* KDD'18 Fragile Earth Workshop (FEED) 

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Why is it Difficult to Detect Sudden and Unexpected Epidemic Outbreaks in Twitter?

Nov 10, 2016
Avaré Stewart, Sara Romano, Nattiya Kanhabua, Sergio Di Martino, Wolf Siberski, Antonino Mazzeo, Wolfgang Nejdl, Ernesto Diaz-Aviles

Social media services such as Twitter are a valuable source of information for decision support systems. Many studies have shown that this also holds for the medical domain, where Twitter is considered a viable tool for public health officials to sift through relevant information for the early detection, management, and control of epidemic outbreaks. This is possible due to the inherent capability of social media services to transmit information faster than traditional channels. However, the majority of current studies have limited their scope to the detection of common and seasonal health recurring events (e.g., Influenza-like Illness), partially due to the noisy nature of Twitter data, which makes outbreak detection and management very challenging. Within the European project M-Eco, we developed a Twitter-based Epidemic Intelligence (EI) system, which is designed to also handle a more general class of unexpected and aperiodic outbreaks. In particular, we faced three main research challenges in this endeavor: 1) dynamic classification to manage terminology evolution of Twitter messages, 2) alert generation to produce reliable outbreak alerts analyzing the (noisy) tweet time series, and 3) ranking and recommendation to support domain experts for better assessment of the generated alerts. In this paper, we empirically evaluate our proposed approach to these challenges using real-world outbreak datasets and a large collection of tweets. We validate our solution with domain experts, describe our experiences, and give a more realistic view on the benefits and issues of analyzing social media for public health.

* ACM CCS Concepts: Applied computing - Health informatics; Information systems - Web mining; Document filtering; Novelty in information retrieval; Recommender systems; Human-centered computing - Social media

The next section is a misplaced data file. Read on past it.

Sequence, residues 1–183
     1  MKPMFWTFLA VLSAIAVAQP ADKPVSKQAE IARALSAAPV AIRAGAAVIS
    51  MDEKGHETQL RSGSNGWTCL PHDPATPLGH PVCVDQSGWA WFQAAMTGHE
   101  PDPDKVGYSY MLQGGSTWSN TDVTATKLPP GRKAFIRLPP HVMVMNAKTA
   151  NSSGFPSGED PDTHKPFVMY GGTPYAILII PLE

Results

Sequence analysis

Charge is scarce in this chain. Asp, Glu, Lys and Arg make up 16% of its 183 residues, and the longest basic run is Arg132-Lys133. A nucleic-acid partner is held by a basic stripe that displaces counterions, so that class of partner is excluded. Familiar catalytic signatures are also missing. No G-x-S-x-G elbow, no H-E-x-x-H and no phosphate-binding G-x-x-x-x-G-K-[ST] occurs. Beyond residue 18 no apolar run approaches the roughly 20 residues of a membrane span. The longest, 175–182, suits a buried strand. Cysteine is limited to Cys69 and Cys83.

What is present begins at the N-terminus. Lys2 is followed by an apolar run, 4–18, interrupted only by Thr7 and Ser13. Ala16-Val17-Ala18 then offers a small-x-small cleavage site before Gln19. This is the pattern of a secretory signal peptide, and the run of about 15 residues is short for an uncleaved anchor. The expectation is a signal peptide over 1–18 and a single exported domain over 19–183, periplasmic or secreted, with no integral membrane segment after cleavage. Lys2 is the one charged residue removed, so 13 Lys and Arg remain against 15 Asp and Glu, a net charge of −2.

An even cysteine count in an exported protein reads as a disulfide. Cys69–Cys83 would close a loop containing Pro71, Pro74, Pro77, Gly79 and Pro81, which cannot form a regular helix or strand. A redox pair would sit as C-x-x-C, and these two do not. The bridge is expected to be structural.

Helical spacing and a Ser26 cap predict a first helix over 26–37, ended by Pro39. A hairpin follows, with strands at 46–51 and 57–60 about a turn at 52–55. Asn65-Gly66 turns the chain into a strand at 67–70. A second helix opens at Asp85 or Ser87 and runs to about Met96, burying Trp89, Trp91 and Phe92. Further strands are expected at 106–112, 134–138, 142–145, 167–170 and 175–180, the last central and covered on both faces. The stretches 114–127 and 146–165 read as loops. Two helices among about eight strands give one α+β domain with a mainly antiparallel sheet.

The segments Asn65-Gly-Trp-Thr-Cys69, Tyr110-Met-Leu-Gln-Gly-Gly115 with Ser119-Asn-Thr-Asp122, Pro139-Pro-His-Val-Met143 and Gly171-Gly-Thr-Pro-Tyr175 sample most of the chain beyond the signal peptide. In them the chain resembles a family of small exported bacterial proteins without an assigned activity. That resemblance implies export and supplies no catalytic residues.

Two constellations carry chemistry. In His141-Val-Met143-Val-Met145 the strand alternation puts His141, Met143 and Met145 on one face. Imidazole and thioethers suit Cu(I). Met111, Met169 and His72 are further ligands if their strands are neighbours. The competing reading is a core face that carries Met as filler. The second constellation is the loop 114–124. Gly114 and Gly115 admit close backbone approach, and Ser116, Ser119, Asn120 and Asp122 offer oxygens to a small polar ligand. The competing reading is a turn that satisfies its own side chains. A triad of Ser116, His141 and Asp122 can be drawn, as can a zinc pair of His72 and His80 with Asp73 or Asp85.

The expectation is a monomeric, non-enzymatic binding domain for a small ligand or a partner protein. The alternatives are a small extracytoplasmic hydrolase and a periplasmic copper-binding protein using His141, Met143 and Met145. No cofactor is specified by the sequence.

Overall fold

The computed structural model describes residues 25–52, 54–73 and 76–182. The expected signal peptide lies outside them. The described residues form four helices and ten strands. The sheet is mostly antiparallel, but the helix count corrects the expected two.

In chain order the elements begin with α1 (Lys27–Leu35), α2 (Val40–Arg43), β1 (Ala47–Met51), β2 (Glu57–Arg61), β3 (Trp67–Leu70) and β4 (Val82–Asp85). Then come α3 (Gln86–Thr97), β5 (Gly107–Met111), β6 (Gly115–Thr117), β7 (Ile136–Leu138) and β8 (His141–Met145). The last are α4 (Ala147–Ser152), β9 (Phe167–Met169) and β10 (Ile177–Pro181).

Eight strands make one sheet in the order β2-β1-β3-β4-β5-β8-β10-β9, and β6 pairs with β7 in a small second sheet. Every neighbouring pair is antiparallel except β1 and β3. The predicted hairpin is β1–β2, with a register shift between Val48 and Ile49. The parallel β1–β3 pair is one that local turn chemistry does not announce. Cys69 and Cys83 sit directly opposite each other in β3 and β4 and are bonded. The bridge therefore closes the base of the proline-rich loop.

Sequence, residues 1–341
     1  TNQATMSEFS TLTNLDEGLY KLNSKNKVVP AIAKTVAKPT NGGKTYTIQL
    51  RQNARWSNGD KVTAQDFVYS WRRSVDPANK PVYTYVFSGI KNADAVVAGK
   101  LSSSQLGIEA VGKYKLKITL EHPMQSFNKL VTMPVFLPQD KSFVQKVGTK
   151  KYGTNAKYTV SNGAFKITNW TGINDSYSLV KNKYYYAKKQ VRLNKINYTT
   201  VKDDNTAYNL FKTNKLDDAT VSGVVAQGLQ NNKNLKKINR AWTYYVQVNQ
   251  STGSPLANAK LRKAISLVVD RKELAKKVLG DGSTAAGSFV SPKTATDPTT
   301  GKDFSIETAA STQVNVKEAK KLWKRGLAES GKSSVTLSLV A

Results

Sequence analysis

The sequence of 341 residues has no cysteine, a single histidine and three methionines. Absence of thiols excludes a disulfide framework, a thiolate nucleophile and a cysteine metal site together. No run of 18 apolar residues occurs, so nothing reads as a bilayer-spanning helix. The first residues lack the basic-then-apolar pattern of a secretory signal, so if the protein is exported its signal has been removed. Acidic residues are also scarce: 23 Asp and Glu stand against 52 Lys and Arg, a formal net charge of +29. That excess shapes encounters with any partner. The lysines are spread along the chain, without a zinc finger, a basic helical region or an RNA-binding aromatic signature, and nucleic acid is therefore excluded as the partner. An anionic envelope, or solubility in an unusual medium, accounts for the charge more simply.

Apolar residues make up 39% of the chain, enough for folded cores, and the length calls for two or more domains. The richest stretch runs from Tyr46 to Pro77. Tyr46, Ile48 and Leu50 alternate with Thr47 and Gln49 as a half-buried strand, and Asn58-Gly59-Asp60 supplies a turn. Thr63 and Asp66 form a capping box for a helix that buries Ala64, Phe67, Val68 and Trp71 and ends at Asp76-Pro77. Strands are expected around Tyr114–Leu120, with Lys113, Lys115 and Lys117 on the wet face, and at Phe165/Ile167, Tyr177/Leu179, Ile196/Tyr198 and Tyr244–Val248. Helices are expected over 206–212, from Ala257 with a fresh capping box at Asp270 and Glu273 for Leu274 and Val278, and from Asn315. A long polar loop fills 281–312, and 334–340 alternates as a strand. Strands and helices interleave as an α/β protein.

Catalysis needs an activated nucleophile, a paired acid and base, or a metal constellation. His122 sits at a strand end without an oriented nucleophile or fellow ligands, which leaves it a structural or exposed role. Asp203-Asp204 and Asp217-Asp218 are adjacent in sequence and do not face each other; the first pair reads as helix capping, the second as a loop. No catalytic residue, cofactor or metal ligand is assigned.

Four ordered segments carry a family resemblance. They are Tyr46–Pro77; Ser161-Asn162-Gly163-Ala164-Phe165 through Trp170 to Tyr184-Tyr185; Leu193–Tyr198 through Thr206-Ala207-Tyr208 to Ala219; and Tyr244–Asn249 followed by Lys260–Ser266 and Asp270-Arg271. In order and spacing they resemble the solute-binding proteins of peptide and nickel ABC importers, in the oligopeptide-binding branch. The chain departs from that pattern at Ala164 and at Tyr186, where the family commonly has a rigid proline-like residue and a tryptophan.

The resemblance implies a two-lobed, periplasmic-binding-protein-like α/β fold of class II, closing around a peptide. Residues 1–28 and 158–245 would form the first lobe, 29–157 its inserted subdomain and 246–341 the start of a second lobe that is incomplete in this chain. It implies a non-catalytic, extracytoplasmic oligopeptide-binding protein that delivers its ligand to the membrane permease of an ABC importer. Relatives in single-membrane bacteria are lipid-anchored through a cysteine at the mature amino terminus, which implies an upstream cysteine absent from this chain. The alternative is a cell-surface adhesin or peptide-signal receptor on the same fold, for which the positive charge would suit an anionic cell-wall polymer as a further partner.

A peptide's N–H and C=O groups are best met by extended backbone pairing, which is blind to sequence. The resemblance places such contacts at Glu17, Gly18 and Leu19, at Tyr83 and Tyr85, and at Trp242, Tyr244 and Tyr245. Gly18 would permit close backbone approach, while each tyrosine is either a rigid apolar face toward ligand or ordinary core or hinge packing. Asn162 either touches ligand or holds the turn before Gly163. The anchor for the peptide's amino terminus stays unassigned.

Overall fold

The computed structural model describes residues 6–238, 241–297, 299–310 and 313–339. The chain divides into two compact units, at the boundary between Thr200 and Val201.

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Digital Fingerprinting of Microstructures

Mar 25, 2022
Michael D. White, Alexander Tarakanov, Christopher P. Race, Philip J. Withers, Kody J. H. Law

Finding efficient means of fingerprinting microstructural information is a critical step towards harnessing data-centric machine learning approaches. A statistical framework is systematically developed for compressed characterisation of a population of images, which includes some classical computer vision methods as special cases. The focus is on materials microstructure. The ultimate purpose is to rapidly fingerprint sample images in the context of various high-throughput design/make/test scenarios. This includes, but is not limited to, quantification of the disparity between microstructures for quality control, classifying microstructures, predicting materials properties from image data and identifying potential processing routes to engineer new materials with specific properties. Here, we consider microstructure classification and utilise the resulting features over a range of related machine learning tasks, namely supervised, semi-supervised, and unsupervised learning. The approach is applied to two distinct datasets to illustrate various aspects and some recommendations are made based on the findings. In particular, methods that leverage transfer learning with convolutional neural networks (CNNs), pretrained on the ImageNet dataset, are generally shown to outperform other methods. Additionally, dimensionality reduction of these CNN-based fingerprints is shown to have negligible impact on classification accuracy for the supervised learning approaches considered. In situations where there is a large dataset with only a handful of images labelled, graph-based label propagation to unlabelled data is shown to be favourable over discarding unlabelled data and performing supervised learning. In particular, label propagation by Poisson learning is shown to be highly effective at low label rates.